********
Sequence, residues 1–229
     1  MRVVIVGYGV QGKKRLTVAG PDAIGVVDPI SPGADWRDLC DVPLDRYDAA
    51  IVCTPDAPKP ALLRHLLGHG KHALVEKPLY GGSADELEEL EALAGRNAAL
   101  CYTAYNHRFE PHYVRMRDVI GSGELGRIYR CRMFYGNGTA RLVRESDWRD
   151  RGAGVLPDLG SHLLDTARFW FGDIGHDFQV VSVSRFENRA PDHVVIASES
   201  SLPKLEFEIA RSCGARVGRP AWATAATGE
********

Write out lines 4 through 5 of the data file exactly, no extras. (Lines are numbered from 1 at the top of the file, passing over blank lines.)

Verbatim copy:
   101  CYTAYNHRFE PHYVRMRDVI GSGELGRIYR CRMFYGNGTA RLVRESDWRD
   151  RGAGVLPDLG SHLLDTARFW FGDIGHDFQV VSVSRFENRA PDHVVIASES